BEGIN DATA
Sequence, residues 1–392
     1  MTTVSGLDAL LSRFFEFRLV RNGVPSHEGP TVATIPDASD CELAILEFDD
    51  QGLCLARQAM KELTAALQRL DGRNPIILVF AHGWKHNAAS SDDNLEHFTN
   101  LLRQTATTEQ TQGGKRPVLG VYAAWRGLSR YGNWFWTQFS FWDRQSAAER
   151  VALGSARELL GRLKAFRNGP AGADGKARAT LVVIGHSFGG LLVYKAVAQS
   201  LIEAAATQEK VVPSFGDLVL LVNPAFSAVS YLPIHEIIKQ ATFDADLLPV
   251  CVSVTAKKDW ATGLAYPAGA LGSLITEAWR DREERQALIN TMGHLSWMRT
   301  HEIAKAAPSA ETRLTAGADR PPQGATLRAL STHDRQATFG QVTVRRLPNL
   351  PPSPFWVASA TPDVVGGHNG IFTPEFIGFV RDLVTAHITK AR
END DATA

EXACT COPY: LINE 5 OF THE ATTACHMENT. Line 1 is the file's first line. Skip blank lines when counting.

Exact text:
   151  VALGSARELL GRLKAFRNGP AGADGKARAT LVVIGHSFGG LLVYKAVAQS